Scientists found that the genome of the German outbreak E. coli strain was mostly enteroaggregative E. coli, a subtype of the bacteria. In carefully examining its genome, they found that the outbreak strain was actually an unusual combination of enteroaggregative E. coli and another subtype, known as enterohemmorhagic E. coli. Researchers also noted that the strain carried a unique set of virulence and antibiotic resistant factors, making it distinct from other strains of the bacteria.
“This is not just a genome paper. It also examines the virulence and biology of the microbe,” says Dr. Rasko. “Early in the outbreak, scientists described the bacteria as a ‘hybrid’ strain. This strain is not a true hybrid, because it contains only a small amount of DNA sequence from enterohemmorhagic E. coli. We have not seen these kinds of unique combinations very often in the past. I expect we are going to see them increasingly, now that technology like Pacific Biosciences’ has advanced to the point that we can sequence more strains very rapidly and relatively inexpensively.”
“The combination of speed, accuracy and cost will lead genomic sequencing to be a diagnostic tool quicker than anyone currently envisages,” says Dr. Sahl, the paper’s co-author.
When the outbreak began in May, scientists around the world began examining the E. coli strain as soon as samples were available. Many groups were releasing their findings to the public for free — the data in the current study are also publicly available — which resulted in a type of “crowd-sourcing.” That is, research was being conducted through the collaboration of a large, disparate group around the globe. “Usually, science takes place in relative isolation,” says Dr. Rasko. “This is the first time we’ve seen true ‘open source’ analysis of a microbial genome.”
Very early on in the outbreak, German scientists used another sequencing technology and preliminary analysis to determine what was unique about the pathogen associated with the outbreak. In fact, they identified a gene that produced a toxin associated with the very symptoms doctors saw in patients, such as severe diarrhea. This gene, known as the Shiga toxin, is produced more when certain antibiotics are used. The findings meant that patients’ symptoms would worsen when they were treated with antibiotics. Those initial findings immediately began to inform clinical care, as doctors stopped using antibiotics to treat infected patients. “Our research is a more detailed, comprehensive analysis than that early research,” says Dr. Rasko. “This was an international collaboration pulled together in a matter of days. I expect we will see more collaborations like this to deal with new emerging pathogens in the future.”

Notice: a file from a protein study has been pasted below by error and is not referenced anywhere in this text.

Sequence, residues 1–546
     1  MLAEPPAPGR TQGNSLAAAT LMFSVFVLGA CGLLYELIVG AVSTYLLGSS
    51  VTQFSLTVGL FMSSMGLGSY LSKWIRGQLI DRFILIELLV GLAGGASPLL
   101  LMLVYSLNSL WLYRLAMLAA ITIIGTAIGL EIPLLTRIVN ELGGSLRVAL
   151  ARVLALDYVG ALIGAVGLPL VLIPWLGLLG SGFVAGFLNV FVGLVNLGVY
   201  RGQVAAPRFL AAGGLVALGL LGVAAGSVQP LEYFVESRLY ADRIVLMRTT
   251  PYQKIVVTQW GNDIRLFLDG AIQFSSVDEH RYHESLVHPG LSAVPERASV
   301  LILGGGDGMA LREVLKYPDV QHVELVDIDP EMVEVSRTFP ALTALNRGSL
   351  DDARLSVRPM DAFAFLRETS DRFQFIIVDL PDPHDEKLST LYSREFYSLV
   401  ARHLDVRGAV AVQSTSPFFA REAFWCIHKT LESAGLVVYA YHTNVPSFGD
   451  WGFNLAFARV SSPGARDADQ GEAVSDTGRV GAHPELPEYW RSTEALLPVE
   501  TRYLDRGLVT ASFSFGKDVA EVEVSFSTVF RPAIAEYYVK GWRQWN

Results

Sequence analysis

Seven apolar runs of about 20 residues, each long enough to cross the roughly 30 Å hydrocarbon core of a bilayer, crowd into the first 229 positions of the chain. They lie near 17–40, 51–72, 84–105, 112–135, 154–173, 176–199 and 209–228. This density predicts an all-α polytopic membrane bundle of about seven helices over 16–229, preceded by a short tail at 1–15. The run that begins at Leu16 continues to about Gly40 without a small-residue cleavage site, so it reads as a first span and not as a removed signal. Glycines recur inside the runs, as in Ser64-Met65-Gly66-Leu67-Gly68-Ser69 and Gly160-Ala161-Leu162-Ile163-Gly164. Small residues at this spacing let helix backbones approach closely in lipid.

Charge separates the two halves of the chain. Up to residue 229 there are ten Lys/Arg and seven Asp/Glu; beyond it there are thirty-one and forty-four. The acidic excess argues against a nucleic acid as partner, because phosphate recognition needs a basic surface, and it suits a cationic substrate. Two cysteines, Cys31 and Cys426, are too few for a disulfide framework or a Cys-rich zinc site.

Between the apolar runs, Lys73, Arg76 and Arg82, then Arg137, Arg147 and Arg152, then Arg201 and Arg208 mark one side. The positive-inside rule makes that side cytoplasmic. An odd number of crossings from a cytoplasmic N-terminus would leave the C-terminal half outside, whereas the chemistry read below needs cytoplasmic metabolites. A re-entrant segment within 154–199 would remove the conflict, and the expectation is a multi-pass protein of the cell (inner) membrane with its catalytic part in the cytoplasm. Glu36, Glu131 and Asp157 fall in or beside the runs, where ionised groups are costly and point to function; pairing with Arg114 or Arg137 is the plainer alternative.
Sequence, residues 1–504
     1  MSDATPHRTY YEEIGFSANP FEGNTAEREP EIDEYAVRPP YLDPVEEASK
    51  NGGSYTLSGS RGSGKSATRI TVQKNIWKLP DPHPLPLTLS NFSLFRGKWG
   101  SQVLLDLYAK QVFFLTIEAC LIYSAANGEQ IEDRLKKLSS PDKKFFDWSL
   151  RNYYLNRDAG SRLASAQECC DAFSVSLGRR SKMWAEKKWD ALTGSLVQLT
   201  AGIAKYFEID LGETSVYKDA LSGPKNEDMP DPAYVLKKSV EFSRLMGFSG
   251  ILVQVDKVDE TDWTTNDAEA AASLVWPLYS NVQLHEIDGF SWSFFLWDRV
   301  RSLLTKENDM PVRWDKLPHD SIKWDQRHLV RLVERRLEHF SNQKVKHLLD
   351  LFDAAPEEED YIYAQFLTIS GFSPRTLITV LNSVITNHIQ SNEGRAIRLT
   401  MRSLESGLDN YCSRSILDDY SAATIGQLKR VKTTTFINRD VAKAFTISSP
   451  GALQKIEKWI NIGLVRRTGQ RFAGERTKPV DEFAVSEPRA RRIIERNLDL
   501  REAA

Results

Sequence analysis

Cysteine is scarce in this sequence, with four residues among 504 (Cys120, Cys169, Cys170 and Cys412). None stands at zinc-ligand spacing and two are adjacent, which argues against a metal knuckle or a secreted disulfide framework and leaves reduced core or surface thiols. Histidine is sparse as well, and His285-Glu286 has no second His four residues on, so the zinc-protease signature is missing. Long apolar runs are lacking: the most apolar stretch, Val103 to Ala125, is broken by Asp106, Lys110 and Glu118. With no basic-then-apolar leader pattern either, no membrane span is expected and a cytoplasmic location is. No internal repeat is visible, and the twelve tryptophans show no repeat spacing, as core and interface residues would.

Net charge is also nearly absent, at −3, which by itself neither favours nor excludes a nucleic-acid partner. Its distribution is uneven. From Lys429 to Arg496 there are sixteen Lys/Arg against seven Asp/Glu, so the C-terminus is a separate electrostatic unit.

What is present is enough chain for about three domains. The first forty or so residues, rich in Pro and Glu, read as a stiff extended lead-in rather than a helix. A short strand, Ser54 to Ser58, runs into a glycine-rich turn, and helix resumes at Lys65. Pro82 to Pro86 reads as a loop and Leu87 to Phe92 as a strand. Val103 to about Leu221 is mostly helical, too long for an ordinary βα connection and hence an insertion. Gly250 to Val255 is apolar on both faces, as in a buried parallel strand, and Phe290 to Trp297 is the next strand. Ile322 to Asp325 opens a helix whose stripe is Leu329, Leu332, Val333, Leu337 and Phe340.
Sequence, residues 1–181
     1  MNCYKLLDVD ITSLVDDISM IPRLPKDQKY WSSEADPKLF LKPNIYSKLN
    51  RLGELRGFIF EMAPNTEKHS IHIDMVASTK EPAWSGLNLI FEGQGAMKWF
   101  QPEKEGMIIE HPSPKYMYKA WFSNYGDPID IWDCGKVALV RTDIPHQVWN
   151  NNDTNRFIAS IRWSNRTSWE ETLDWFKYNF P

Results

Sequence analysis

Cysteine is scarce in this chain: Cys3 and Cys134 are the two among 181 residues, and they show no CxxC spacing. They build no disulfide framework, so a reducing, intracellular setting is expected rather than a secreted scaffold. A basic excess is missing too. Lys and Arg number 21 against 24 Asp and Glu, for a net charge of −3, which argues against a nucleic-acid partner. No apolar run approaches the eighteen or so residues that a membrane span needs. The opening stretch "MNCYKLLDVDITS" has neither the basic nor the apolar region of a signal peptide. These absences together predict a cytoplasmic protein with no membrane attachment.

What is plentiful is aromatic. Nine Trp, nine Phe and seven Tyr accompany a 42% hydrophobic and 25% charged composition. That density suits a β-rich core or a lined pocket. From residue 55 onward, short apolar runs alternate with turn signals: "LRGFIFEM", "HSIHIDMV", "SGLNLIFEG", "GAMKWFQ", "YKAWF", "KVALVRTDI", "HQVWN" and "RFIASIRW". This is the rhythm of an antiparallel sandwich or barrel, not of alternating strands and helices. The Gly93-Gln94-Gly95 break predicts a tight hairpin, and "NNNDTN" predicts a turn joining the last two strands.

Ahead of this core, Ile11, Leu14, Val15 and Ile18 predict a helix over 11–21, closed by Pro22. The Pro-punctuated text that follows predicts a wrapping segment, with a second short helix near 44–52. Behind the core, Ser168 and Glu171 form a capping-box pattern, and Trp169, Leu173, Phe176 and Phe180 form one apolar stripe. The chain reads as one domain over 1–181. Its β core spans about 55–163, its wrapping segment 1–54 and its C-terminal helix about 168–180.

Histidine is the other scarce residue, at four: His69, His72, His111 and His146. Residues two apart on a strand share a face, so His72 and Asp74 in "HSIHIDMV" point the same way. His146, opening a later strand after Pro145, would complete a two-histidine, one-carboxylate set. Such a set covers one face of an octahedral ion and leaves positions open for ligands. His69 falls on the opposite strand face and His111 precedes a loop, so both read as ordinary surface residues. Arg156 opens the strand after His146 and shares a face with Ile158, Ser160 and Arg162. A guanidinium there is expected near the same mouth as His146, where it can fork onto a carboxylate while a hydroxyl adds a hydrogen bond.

The NEJM paper will provide new, detailed information to assist researchers and physicians as they continue to investigate the ongoing E. coli outbreak in Europe.
“It’s exciting to be at the forefront of genomics like this,” says Dr. Rasko. “This research was a chance for us to leverage the power of the Institute for Genome Sciences to help create a new paradigm for the study of microbes and outbreaks. It also has implications for genomics as a tool in routine diagnostics.”
Established in 1807, the University of Maryland School of Medicine is the first public and one of oldest medical schools in the United States. One of the fastest growing research institutions in the country, the School of Medicine conducts basic science and clinical research targeting worldwide health problems – rapidly moving discoveries to a clinical setting to benefit patients. The School of Medicine serves as the anchor for a large academic health center. Faculty members train physicians and treat patients at the University of Maryland Medical Center and the Baltimore VA Medical Center.